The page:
The action opening and closing is extremely smooth, with two clicks opening it one at halfway, one when fully open. Sure, the knife doesn’t lock but it stays open and while I’m using it I have got total confidence that the blade won’t close on me unless I want it to.
Fit, Finish and Performance
Every aspect of the knife feels consistent in quality, from the satin finish on the blade to how the handle scales meet up with the back spring on the knife. The knife is extremely well manufactured for the 50 dollar price point.
Like its other contemporary tiny cousins like the Dragonfly and UKPK this is a little knife that feels and cuts like a big knife. The knife is so small and lightweight you’ll forget you have it on you until you need a knife, then low and behold the knife is right where you’d put it, on your pocket.
While using this knife for various tasks I find it is always conveniently accessible in pocket with no trouble extracting it from my pocket in the least, even with gloves on. The ease of opening with one hand makes deploying the blade within a couple of seconds of realizing it’s needed a task which is so easy I find myself not even needing to think about it.
In regards to the slip-joint design and non-locking blade, I’ve actually not encountered any problems. The small utilitarian blade is perfect for most small/light tasks, and even some harder ones like cutting up heavy cardboard and things like that.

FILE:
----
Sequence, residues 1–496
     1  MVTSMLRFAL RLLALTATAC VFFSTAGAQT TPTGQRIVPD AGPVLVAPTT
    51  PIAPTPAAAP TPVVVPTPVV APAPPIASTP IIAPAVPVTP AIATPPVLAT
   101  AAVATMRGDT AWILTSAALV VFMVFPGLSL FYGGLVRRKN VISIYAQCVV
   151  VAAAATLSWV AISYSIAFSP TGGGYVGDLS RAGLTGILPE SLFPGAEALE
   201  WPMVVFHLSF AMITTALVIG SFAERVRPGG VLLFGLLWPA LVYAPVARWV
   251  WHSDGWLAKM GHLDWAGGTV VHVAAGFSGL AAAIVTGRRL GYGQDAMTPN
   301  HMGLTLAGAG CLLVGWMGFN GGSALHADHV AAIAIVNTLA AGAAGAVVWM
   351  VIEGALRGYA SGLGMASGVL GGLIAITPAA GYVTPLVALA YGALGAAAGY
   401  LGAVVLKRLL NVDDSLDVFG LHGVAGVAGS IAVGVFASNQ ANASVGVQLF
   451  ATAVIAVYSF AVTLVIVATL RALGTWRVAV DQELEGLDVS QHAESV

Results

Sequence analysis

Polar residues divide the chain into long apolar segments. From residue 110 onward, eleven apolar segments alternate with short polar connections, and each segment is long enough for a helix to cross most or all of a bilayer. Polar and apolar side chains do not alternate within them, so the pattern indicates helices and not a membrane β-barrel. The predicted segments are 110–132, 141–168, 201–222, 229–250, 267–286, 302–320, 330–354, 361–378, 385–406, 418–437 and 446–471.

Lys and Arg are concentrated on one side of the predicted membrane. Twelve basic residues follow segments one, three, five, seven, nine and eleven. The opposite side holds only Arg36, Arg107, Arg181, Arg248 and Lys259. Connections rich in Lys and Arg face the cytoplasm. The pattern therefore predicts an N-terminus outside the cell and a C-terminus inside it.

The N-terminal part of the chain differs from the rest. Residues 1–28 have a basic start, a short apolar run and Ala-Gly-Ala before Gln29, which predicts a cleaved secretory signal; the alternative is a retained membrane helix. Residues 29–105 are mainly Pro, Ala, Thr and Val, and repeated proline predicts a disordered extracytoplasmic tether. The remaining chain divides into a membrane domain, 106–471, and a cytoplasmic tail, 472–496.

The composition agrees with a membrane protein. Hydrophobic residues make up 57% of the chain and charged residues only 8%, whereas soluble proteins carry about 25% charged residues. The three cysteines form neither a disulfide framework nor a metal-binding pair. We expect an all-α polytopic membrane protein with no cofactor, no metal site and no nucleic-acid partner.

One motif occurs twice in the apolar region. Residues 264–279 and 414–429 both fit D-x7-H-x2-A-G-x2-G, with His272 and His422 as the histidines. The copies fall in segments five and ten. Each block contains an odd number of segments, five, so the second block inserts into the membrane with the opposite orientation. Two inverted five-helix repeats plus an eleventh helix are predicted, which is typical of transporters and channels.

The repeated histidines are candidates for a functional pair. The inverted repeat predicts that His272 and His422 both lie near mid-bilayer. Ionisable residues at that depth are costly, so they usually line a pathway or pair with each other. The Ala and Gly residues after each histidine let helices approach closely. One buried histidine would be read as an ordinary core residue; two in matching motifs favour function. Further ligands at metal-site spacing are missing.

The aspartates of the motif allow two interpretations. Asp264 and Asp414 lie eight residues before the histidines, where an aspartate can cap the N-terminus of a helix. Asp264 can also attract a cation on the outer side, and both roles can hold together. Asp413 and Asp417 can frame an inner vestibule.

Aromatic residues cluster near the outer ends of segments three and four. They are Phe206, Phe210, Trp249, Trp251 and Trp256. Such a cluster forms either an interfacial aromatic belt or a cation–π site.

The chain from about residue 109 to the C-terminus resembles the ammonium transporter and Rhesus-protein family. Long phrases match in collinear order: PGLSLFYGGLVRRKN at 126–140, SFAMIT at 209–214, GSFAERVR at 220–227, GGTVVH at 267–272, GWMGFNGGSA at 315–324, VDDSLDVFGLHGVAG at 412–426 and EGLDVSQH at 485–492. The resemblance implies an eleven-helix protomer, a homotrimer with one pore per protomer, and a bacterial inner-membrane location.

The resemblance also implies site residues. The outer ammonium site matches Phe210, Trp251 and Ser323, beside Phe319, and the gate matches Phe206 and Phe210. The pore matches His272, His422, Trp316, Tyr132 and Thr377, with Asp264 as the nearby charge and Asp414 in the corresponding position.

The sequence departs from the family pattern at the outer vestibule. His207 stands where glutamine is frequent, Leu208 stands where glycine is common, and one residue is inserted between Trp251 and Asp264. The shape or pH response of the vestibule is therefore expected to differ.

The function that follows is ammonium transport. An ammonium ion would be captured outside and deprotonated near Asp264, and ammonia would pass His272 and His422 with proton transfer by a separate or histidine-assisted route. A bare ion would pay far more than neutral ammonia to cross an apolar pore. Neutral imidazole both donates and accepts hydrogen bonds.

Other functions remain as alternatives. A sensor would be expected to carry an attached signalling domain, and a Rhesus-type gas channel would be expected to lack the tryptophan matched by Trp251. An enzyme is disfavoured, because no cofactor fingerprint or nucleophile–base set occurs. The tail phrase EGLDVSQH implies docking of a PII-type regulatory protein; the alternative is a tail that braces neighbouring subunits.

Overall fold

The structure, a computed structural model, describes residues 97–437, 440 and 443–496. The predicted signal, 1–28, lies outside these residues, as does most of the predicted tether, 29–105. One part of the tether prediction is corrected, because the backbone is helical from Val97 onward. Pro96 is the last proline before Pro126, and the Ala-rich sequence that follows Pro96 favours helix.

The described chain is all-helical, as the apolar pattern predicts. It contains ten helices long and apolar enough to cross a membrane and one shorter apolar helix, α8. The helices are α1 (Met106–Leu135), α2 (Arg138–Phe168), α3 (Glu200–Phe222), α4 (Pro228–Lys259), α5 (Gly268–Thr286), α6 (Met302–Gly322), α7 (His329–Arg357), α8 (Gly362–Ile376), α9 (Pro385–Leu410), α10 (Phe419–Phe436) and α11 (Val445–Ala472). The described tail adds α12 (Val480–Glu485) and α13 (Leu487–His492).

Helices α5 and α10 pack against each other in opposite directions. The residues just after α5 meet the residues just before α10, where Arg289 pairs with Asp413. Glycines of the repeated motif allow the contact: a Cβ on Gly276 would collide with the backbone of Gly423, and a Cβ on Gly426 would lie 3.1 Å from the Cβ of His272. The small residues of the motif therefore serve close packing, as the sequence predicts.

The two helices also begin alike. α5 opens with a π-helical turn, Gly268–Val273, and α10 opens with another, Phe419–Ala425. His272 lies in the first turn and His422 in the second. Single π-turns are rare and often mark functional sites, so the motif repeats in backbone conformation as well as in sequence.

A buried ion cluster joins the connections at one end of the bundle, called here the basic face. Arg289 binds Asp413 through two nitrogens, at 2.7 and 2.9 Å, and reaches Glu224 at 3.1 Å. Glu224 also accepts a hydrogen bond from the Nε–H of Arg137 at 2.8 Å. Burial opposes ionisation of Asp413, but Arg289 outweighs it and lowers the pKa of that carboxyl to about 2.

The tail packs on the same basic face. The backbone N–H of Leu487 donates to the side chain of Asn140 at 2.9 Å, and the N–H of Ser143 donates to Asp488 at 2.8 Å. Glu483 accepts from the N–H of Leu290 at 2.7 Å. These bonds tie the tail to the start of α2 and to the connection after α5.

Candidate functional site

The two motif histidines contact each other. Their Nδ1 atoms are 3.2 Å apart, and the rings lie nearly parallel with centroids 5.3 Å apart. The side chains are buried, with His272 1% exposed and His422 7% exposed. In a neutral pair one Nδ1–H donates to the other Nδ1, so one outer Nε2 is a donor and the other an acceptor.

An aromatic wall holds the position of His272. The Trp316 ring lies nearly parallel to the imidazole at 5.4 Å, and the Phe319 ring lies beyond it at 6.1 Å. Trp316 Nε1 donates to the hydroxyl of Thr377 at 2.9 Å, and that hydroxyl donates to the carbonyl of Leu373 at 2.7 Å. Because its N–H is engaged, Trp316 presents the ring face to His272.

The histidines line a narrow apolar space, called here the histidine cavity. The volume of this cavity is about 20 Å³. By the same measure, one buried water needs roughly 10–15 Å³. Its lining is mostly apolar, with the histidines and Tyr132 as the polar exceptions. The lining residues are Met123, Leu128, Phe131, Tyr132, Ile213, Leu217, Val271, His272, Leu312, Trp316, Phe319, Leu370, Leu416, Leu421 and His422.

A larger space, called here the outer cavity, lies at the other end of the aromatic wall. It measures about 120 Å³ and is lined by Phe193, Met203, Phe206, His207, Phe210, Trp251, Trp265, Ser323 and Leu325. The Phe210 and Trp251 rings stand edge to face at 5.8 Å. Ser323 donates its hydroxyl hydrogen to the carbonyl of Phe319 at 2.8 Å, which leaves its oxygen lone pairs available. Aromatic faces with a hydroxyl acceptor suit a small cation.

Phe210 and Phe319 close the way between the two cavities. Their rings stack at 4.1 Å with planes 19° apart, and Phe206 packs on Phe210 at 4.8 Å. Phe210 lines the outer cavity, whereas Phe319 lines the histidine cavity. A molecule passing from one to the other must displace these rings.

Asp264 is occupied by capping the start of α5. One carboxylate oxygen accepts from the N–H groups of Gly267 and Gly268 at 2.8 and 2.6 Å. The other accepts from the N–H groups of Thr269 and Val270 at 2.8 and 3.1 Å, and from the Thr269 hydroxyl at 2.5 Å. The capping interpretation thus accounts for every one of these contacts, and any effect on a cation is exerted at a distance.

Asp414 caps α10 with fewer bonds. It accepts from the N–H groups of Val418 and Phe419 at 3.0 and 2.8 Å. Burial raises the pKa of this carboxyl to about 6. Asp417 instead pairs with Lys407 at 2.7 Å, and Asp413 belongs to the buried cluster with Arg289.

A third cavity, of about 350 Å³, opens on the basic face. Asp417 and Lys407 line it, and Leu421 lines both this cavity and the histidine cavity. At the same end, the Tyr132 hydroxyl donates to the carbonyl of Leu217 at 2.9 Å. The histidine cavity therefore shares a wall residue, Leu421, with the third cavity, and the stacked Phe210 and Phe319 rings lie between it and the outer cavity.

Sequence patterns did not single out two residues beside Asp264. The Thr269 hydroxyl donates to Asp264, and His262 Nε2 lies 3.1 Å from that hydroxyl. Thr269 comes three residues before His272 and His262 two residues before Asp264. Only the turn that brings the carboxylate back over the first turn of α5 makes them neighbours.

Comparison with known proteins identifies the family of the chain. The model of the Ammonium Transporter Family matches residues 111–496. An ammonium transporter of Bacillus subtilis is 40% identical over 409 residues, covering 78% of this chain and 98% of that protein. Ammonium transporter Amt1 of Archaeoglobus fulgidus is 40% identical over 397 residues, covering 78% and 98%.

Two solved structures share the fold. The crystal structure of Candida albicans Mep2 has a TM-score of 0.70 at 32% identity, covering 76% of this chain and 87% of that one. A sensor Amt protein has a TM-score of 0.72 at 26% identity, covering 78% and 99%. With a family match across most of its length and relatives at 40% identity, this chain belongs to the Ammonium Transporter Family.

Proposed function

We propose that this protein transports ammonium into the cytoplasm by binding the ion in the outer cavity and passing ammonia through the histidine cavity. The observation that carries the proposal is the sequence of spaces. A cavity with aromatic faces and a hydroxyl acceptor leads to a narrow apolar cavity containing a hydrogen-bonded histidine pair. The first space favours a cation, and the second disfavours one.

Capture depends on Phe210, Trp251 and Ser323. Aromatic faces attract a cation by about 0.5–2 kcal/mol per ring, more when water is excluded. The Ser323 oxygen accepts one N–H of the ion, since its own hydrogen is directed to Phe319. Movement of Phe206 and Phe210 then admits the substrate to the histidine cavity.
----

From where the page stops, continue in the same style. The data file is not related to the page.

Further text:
The slip joint snaps in to its open position with authority and is very assuring to the user when held in hand. The fact that it doesn’t lock makes closing the knife back up with one hand a breeze as all it takes is a bit of pressure from your index finger on the spine of the blade to close it up.
The N690Co holds up quite well to a lot of work and abuse cutting cardboard, heavy plastic, bags and all sorts of other random materials and re-sharpening is extremely easy, with a regular kiss on the strop or a fine stone you’d be hard pressed to dull this blade beyond needing a quick touch up with responsible use.
All these knives available at BladeHQ.To be blunt, the competition for this kind of knife (a middle priced slip joint made for practical work) can almost exclusively be found from Spyderco with a few competitive offerings from other manufacturers, they have many knives in their micro line which are priced similarly and perform very admirably. A few of their slip-joint folders include the Pingo, and their line of UKPK knives, for a locking folder similar in style and size one needs to look no further than the Dragonfly, Cricket, and Chicago.
A few offerings from other brands would be a Boker’s War Toad or even many of Victorinox’s new knives offer reasonable pricing for one hand opening slip joint folders or if you’re looking for something similar in function but a bit more classic, there is always the classic Case Trapper, for a reasonably priced slip joint folding knife, though as far as contemporary non locking folders with a blade under 3 inches, Spyderco seems to be the competitor to beat.
Overall I’d suggest this knife to anyone who might use a knife but doesn’t want to either intimidate, scare, or offend anyone with the carry of a larger blade or locking blade. The convenience and ease of deployment/putting the knife away with just one hand make this knife a total winner in my book. I guess good things do come in small packages 🙂
- Well made, nice design and solid performance
- Blade is non-locking…but you knew that